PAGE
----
Additional information about Holidays, Festivals, and Celebrations of the World, including an explanation of calendar systems around the world; facts about the U.S. states and territories; U.S. presidents; legal holidays by state and by country; domestic and international tourism sources; bibliography; and the chronological, special subject, and general indexes can be found in  Holidays Around the World 2018, 6th Ed.

 

Just Released: Mental Health Information for Teens, 5th Edition

Adolescence is difficult. Not only are teens under stress to be liked, do well in school, and get along with family, they must cope with hormonal changes and make important decisions about their lives. Continue reading “Just Released: Mental Health Information for Teens, 5th Edition”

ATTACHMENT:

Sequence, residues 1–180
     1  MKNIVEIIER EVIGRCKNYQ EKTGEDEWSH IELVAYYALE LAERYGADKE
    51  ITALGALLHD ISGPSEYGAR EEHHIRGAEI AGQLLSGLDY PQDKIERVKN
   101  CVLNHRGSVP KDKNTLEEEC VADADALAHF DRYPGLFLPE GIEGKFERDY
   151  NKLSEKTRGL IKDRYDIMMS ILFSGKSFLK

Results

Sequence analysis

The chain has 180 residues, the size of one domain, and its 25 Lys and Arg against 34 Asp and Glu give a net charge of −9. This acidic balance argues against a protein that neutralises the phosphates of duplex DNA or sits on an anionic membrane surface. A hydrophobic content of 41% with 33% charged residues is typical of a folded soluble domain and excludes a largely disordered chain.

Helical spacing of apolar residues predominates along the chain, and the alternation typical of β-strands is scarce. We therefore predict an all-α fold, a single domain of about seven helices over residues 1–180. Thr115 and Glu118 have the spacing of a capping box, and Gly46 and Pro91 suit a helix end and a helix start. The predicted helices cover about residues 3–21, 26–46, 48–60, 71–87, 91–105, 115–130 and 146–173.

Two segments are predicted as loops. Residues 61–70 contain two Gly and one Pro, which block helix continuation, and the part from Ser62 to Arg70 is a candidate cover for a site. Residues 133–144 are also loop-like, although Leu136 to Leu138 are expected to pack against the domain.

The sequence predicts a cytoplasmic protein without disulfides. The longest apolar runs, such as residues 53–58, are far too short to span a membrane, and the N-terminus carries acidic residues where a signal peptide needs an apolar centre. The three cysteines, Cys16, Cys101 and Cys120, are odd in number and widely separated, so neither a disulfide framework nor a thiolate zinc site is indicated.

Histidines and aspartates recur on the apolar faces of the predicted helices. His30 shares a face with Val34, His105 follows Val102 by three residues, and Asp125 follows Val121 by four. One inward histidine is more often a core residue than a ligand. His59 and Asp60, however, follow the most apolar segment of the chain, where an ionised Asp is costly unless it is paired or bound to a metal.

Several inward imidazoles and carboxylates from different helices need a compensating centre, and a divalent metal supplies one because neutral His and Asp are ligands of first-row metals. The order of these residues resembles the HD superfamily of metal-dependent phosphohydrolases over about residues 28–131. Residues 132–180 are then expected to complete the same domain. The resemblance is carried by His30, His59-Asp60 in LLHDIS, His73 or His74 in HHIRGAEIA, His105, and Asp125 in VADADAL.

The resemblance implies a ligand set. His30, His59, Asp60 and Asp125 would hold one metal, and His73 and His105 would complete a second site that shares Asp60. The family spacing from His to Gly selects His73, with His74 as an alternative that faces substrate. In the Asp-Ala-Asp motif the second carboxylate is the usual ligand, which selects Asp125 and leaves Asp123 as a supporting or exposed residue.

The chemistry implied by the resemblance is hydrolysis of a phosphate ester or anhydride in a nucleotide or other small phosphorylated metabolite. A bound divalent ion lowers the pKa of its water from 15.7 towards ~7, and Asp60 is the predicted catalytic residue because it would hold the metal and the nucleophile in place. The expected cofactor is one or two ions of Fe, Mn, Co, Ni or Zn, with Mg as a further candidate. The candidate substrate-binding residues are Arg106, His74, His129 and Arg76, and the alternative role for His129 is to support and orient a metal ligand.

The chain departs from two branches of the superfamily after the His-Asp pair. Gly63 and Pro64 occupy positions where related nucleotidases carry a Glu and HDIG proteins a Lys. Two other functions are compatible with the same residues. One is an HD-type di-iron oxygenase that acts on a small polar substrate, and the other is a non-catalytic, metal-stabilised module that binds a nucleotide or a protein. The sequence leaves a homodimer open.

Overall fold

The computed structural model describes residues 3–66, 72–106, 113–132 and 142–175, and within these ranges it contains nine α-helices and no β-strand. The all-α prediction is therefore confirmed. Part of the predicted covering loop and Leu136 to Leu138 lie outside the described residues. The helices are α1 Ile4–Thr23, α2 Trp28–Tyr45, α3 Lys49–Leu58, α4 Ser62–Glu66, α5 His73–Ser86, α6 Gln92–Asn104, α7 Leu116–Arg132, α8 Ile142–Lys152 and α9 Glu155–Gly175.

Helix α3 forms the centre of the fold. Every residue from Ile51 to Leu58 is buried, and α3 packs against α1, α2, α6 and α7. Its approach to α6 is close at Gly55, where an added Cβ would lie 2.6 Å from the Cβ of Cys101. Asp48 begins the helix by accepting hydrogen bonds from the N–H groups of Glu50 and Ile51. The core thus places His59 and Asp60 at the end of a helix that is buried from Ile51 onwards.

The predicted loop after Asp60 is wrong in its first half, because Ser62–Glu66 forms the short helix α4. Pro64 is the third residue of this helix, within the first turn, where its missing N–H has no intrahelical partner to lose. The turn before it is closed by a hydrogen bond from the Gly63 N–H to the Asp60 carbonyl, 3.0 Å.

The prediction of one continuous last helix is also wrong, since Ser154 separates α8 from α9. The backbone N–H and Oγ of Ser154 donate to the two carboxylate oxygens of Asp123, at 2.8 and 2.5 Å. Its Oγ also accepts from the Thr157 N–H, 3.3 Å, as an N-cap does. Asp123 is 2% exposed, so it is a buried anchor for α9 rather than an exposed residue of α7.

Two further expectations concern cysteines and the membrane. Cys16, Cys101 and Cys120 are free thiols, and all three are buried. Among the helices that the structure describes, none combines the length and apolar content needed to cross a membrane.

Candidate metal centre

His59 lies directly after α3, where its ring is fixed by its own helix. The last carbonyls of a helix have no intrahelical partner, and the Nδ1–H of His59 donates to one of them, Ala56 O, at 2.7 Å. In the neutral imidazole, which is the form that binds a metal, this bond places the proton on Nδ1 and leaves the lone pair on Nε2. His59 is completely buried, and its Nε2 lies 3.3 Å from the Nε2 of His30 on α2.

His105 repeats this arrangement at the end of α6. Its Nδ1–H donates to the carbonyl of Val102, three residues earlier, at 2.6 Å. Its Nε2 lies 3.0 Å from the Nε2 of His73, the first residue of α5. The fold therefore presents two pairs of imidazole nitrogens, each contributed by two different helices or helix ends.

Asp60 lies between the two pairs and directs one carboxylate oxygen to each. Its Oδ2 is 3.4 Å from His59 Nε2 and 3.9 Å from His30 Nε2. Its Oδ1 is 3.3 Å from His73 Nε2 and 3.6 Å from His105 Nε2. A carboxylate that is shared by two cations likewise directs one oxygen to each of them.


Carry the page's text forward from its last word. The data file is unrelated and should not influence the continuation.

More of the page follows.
Men’s Health Week — June 12-18, 2017

On average, men live five years less than women and die at higher rates than women from the top causes of death. Men are also more likely than women to smoke and drink, more likely to engage in risky behaviors, and more likely to put off checkups and regular preventative care. National Men’s Health Week, observed annually in the week leading up Father’s Day, is intended to heighten awareness of preventable health problems, and to encourage men and boys to seek regular medical advice and early detection and treatment for disease and injury.

Continue reading “Men’s Health Week — June 12-18, 2017”

Just Released: Stroke Sourcebook, 4th Edition

According to the Centers for Disease Control and Prevention (CDC), stroke kills nearly 130,000 Americans each year—one out of every 18 deaths— making stroke the fourth leading cause of death in the United States. Continue reading “Just Released: Stroke Sourcebook, 4th Edition”